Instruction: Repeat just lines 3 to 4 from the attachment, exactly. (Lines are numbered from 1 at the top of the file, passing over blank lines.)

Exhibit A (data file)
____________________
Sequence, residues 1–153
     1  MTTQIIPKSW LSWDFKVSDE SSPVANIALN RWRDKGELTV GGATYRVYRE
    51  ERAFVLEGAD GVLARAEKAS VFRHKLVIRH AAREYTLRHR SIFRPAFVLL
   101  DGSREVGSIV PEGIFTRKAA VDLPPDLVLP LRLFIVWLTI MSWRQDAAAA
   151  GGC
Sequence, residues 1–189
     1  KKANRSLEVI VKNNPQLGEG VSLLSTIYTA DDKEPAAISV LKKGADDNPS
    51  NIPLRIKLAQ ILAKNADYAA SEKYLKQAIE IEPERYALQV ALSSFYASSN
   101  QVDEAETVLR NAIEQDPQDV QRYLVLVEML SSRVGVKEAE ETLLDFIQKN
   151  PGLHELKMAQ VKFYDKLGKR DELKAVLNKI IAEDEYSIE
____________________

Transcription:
    51  ERAFVLEGAD GVLARAEKAS VFRHKLVIRH AAREYTLRHR SIFRPAFVLL
   101  DGSREVGSIV PEGIFTRKAA VDLPPDLVLP LRLFIVWLTI MSWRQDAAAA